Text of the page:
Members of the CCAC, University of PNG, PNG Trade Union Congress and PNG social media
networks in a joint press conference. Picture courtesy of ID PNG/The Truth As It Is - PNG
Papua New Guinean student protestors and civil society are looking at their options after Prime Minister Peter O’Neill refused to get parliament to repeal the controversial Judicial Conduct Act.
Among the options being considered is a nationwide stopwork by workers in both the government and private sectors and sit-in protests by students at PNG's main universities in Port Moresby, Lae, Goroka, Madang and Rabaul.
Hundreds of protesters, mainly made up of students from the University of Papua New Guinea (UPNG), marched to the office of the PM in Port Moresby last Friday and demanded the O’Neill government repeal the law.
The government chief secretary Manasupe Zurenuoc reportedly received the petition and assured the protestors that Mr O’Neill would respond to their concerns in a televised nationwide address on Sunday March 25.
However the parliament-elected PM yesterday refused to back down, putting himself on a collision course with the students and civil society lead by the powerful Community Coalition Against Corruption (CCAC).
“This new law basically defines and imposes clarity on judicial behavior that the wider community or affected parties in lawsuits may consider or perceive as biased. That law is not draconian and does not erode the impartiality of the judges as voiced by critics, including the usual two or three publicity-seeking members of the PNG Law Society. It must be pointed out that countries such as Australia, India, Canada and other Commonwealth nations have similar legislations or ethical standards to scrutinize judicial conduct and behavior. We are not alone here,” he said in his address.
The act gives powers to cabinet and parliament to regulate the conduct of National and Supreme Court judges, consequently removing the independence of the judiciary and making it vulnerable to the executive and the legislature.
The CCAC and PNG’s various social media networks have come out expressing public support for the students and condemning the act.
“We share the community outrage at the manner in which the bill was enacted. There are parliamentary procedures for passing of any legislation; in this case these were not respected. These procedures should involve intelligent debate and wide consultation and not a 45-minute stampede! The fact that the legislation passed is retrospective raises huge concerns. It is simply unacceptable to change the rules after the event. Furthermore the legislation has implications on court decisions made since the 1st November 2011, now and into the future,” the CCAC said in a statement.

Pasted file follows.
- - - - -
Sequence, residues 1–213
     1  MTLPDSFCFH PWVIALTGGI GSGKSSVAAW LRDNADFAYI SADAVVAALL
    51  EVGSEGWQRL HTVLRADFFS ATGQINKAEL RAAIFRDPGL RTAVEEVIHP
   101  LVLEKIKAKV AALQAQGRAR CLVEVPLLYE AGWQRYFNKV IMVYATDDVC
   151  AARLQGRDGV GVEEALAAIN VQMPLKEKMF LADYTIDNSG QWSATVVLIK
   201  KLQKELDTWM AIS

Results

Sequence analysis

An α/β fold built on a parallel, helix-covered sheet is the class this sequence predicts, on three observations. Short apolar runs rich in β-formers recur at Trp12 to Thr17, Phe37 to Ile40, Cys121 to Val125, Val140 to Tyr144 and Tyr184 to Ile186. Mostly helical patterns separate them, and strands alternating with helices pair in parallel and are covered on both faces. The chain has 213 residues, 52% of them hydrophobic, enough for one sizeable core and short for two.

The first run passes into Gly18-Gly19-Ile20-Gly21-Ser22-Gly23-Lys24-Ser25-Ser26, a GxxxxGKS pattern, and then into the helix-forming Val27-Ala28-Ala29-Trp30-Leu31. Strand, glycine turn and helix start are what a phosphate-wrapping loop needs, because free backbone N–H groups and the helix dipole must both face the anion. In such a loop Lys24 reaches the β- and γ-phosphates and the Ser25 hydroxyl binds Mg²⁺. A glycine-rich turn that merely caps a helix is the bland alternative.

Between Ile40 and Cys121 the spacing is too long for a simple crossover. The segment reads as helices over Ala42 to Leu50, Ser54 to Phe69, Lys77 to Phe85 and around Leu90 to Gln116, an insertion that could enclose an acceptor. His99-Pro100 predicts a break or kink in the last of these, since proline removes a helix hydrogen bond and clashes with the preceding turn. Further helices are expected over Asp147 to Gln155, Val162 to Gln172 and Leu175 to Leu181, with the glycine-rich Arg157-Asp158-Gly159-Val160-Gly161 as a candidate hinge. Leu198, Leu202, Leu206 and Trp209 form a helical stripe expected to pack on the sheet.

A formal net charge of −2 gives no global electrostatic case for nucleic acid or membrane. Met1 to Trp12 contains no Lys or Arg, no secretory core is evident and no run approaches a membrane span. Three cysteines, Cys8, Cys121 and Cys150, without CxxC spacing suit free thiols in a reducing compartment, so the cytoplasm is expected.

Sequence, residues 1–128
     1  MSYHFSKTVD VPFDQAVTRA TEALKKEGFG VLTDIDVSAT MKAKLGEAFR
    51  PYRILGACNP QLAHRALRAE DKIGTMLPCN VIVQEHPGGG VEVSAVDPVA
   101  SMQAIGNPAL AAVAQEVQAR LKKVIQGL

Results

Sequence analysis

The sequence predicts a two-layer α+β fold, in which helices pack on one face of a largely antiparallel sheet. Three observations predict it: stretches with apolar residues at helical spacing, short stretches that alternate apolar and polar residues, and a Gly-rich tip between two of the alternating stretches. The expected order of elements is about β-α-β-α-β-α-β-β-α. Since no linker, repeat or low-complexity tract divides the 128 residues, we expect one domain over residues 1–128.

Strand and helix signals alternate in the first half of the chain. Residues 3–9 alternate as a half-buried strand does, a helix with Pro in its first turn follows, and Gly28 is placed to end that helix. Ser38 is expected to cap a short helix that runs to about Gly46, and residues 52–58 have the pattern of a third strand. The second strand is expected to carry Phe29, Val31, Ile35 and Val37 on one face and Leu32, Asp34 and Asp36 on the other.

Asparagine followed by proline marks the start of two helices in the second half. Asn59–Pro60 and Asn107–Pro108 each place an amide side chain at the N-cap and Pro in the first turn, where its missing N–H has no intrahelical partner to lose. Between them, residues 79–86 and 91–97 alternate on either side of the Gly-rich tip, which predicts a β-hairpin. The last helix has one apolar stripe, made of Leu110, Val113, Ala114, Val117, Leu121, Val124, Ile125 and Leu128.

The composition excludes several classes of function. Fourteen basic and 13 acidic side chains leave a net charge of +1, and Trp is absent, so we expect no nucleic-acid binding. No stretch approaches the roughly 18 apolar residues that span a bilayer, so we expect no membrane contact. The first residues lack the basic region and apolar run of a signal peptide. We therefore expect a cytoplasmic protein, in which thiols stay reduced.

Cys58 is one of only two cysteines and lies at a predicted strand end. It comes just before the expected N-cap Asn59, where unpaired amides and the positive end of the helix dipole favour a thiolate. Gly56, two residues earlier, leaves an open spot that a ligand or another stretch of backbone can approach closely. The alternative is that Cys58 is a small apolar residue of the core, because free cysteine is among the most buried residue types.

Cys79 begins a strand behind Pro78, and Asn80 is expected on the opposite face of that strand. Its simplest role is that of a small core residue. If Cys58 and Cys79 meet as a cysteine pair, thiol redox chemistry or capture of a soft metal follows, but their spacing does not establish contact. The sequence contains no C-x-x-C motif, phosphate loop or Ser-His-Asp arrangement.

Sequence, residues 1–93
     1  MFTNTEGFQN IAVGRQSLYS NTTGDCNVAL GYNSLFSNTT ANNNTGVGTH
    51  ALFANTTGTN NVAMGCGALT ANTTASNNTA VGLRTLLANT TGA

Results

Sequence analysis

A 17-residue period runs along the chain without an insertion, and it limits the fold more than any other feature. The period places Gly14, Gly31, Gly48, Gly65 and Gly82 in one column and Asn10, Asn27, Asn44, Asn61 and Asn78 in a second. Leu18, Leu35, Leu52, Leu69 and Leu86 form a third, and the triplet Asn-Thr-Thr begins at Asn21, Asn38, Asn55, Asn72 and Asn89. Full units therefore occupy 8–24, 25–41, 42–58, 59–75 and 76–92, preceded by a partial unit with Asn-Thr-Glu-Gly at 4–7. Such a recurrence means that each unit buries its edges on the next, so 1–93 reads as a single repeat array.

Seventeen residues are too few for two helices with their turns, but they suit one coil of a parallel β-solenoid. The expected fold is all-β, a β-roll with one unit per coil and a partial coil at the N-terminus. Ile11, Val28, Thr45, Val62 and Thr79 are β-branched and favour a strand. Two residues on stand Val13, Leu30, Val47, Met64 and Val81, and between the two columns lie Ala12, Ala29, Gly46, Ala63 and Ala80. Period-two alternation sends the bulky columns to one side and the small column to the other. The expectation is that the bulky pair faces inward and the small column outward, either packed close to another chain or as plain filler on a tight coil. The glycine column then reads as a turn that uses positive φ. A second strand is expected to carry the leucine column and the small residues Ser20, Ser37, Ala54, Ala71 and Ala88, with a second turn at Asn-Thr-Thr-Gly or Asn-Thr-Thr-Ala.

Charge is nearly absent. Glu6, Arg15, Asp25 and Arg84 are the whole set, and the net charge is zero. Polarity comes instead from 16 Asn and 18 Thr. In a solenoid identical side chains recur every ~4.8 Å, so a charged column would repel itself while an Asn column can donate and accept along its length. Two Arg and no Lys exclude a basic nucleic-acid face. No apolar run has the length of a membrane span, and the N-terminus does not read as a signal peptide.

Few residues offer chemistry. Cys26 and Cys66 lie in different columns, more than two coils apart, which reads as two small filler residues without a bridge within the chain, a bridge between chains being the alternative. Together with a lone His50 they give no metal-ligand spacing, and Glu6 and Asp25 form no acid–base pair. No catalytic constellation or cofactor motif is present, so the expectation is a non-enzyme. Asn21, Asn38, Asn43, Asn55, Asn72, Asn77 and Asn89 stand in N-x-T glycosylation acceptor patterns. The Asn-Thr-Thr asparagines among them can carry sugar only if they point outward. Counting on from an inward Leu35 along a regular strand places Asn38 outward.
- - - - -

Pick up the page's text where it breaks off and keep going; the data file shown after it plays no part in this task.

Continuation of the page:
The O'Neill/Namah government have refused to repeal the Judicial Conduct Act.
It is understood the CCAC, UPNG student leaders, PNG social media representatives and trade unions are now looking at their options and have not ruled out embarking on a nationwide stop-work and sit-in protests in main urban centers including Port Moresby.
Cybele Druma and Lillianne Wafimbi, who represented PNG social media networks at a CCAC press conference yesterday, said there was a general consensus among their 5000-plus membership that the act should be repealed.
“Basically, the majority consensus that is coming out from our groups, from our members, is that they want this act or this bill to be repealed and so in no uncertain terms – we are speaking on their behalf – we are now calling upon government to ensure that at its next sitting they must consider repealing this bill,” said Ms Druma.
Parliament resumes on Tuesday April 3 in what will be the last session for this term of parliament before the writs are issued on April 27 for the 2012 general election.
PNG’s founding PM Sir Michael Somare, whose reinstatement as PM by the Supreme Court last December plunged the country into a constitutional crisis when parliament opted to elect Mr O’Neill, has criticized the Ombudsman Commission and Chief Ombudsman Chronox Manek for failing to take action.
“As the watchdog organization, the Ombudsman Commission should be ahead of the game that is being played by members of parliament using their numerical strength. The democratic rule of the majority is being blatantly abused and yet the Commission has been absolutely quiet. The only statement last week by Mr Manek was the publicity on its internal politics, a matter that can be sorted in house with his administration,” said Sir Michael in a statement.
It is understood the Ombudsman Commission is currently studying the act and will soon make a decision on whether to file a Supreme Court reference.